Don Flynn

    11 Institutionalised resistance and everyday bordering

    Kathryn Cassidy

    12 The material politics of asylum support: Speed, intimacy, and confusion

    Dan X. Fisher and Sarah M. Hughes

    13 Migrant women resisting borders through participatory arts

    Laura Marziale, Rose Knight, the Stronger Together Leaders, Fatiha, Felicia, Ijeoma, Khadidja, Lian, Lucie, and Tracey Reynolds

    14 Epilogue

    Kahina Le Louvier and Karen Latricia Hough


    Kahina Le Louvier is a Research Fellow in the Computer and Information Sciences Department at Northumbria University. She is a researcher working on various aspects of migration, including environmental migration, the information needs and barriers experienced by people seeking asylum in the UK and France, drivers and imaginaries of migration, the heritage practices of people in exile, and the ethics of migration research.

    Karen Latricia Hough is a Research Fellow at the Centre of Excellence in Terrorism, Resilience, Intelligence and Organised Crime Research at Sheffield Hallam University, UK. She is an expert in migration and refugee studies. She obtained her doctorate in social anthropology from the University of Oxford, and she has worked on several EU-funded projects regarding the development of asylum and immigration law in the Russian Federation and in Europe. Her current research projects focus on modern slavery and anti-trafficking.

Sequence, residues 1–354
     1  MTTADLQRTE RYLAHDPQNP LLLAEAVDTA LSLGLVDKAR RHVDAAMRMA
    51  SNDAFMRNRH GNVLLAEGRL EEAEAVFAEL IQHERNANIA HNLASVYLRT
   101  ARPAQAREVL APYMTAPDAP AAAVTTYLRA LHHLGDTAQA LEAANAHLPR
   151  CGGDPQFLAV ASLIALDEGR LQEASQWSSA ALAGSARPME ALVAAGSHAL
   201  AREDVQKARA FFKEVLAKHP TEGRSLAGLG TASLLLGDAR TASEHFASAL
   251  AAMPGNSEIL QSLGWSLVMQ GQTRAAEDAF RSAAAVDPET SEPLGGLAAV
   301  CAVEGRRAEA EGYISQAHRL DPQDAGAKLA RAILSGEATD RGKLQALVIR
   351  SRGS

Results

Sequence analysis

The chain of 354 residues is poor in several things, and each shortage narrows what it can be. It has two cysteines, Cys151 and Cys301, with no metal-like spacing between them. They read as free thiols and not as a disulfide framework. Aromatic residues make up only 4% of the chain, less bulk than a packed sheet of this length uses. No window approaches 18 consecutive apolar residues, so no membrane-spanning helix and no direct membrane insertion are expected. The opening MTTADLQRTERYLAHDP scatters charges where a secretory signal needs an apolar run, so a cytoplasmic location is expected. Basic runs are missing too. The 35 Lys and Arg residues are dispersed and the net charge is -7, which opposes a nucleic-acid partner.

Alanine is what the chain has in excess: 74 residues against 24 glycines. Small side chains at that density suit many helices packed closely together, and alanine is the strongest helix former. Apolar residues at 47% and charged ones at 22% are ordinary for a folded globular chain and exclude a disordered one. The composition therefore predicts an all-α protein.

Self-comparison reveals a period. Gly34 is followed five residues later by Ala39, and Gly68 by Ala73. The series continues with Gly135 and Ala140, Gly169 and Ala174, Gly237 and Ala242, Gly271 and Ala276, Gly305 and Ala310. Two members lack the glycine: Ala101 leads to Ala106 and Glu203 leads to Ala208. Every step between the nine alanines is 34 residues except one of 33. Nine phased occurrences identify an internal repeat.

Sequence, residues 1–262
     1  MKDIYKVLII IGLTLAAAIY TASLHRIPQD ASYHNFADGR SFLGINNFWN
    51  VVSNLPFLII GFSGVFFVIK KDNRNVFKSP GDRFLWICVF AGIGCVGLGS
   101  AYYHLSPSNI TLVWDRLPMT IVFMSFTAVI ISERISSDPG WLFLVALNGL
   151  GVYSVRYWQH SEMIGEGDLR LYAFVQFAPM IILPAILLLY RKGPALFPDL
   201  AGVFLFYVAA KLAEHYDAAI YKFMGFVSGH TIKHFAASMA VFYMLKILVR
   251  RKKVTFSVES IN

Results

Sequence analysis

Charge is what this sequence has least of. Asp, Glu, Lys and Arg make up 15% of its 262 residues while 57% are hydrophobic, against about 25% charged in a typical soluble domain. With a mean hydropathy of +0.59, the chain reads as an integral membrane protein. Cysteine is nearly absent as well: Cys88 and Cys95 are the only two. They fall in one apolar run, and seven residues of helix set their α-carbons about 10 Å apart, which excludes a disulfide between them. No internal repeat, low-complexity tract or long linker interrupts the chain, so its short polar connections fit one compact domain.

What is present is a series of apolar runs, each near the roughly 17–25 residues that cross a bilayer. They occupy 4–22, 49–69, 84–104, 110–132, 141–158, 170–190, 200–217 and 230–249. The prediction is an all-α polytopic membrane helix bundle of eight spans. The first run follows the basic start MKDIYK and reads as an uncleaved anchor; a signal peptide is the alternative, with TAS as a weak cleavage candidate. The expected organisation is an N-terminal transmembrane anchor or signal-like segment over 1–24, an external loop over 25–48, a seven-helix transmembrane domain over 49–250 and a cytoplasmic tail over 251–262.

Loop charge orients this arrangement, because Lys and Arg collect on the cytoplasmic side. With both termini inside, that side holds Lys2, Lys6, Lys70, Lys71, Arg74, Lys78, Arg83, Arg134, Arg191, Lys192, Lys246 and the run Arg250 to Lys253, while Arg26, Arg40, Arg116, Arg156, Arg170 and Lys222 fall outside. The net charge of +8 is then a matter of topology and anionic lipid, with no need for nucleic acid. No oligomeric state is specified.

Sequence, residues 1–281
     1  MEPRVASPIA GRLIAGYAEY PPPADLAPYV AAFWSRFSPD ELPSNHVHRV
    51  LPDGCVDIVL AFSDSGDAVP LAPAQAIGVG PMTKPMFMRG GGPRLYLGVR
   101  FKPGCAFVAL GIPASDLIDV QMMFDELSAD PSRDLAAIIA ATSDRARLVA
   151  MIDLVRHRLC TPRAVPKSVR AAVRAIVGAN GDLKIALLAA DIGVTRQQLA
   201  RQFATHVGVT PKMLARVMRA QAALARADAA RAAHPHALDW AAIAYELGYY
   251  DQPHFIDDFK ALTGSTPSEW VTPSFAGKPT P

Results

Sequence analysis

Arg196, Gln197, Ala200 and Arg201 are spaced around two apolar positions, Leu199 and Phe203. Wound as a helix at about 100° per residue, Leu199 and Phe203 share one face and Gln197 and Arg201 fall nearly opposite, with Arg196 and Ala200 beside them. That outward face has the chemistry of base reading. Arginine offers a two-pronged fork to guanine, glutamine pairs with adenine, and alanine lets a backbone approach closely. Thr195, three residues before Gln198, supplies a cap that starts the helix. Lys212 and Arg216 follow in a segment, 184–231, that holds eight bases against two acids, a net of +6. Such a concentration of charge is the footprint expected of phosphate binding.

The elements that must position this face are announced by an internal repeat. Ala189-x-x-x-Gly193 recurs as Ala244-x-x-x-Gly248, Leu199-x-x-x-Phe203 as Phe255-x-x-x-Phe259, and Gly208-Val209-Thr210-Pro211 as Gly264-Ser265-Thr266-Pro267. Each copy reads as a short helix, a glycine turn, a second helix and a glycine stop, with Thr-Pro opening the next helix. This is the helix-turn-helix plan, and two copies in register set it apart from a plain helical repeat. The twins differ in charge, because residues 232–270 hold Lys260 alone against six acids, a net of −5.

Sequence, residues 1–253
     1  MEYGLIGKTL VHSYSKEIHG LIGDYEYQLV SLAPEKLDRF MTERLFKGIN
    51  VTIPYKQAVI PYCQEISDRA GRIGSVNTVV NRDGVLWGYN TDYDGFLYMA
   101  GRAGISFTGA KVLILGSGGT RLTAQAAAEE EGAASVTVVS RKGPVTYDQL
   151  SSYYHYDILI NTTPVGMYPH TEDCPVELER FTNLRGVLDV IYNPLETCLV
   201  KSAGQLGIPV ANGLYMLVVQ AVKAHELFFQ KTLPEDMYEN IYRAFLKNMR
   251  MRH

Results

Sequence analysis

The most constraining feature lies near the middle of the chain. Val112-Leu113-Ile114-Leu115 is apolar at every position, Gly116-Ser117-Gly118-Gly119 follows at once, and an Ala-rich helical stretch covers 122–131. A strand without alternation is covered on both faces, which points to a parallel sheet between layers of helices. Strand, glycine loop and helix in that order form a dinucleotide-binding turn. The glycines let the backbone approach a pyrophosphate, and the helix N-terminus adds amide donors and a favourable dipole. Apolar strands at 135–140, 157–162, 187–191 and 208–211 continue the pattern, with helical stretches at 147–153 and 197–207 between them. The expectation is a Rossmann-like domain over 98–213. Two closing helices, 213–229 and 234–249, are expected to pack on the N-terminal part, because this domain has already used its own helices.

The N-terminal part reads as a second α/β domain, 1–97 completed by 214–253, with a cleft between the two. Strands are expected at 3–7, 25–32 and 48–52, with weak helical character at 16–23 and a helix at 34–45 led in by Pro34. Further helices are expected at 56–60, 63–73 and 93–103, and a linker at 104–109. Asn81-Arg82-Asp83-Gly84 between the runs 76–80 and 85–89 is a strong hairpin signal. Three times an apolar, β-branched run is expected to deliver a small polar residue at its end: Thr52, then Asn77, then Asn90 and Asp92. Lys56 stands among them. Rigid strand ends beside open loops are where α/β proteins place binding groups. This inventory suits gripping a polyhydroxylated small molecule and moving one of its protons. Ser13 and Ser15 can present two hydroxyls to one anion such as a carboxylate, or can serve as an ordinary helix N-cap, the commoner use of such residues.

This timely and important collection casts critical light on the policies, people, and practices that constitute the borders of post-Brexit Britain. Drawing together insights from a range of leading international scholars and activists, UK Borderscapes unpacks the history, evolution, and effects of bordering, illustrating the harms of border enforcement, and tracing the vibrancy of resistance that confronts bordering. In detailing the growth of migrants’ rights movements, forms of everyday solidarity, and the role of materials in contesting borders, the collection illustrates the many and varied sites of everyday resistance that are reshaping borders today.

    Jonathan Darling, Durham University, UK.

    The book is timely, relevant, and it lifts the veil on how decisions are made by the State and its agents to cap irregular migration via security and border control policies. The equity and fairness of these outcome are evaluated and the conclusion drawn that protection gaps for migrants and asylum seekers exist in law and in policy. Although the focus is on UK Borderscapes, the multi-disciplinary discussion, layered analysis, identification of the power relations which exist, and the proposals offered resonate beyond the UK. It appeals to the Global South audience where natural disasters, poverty, civil war, and gang violence fuel continuous irregular migration, often with inflows to the UK. The book stimulates debate to find balanced and humanitarian solutions and it informs those misled by State propaganda or media headline statements which sensationalise or simplify the plight of migrants.

     Dr. Florence Seemungal, Research Associate, Centre for Criminology, University of Oxford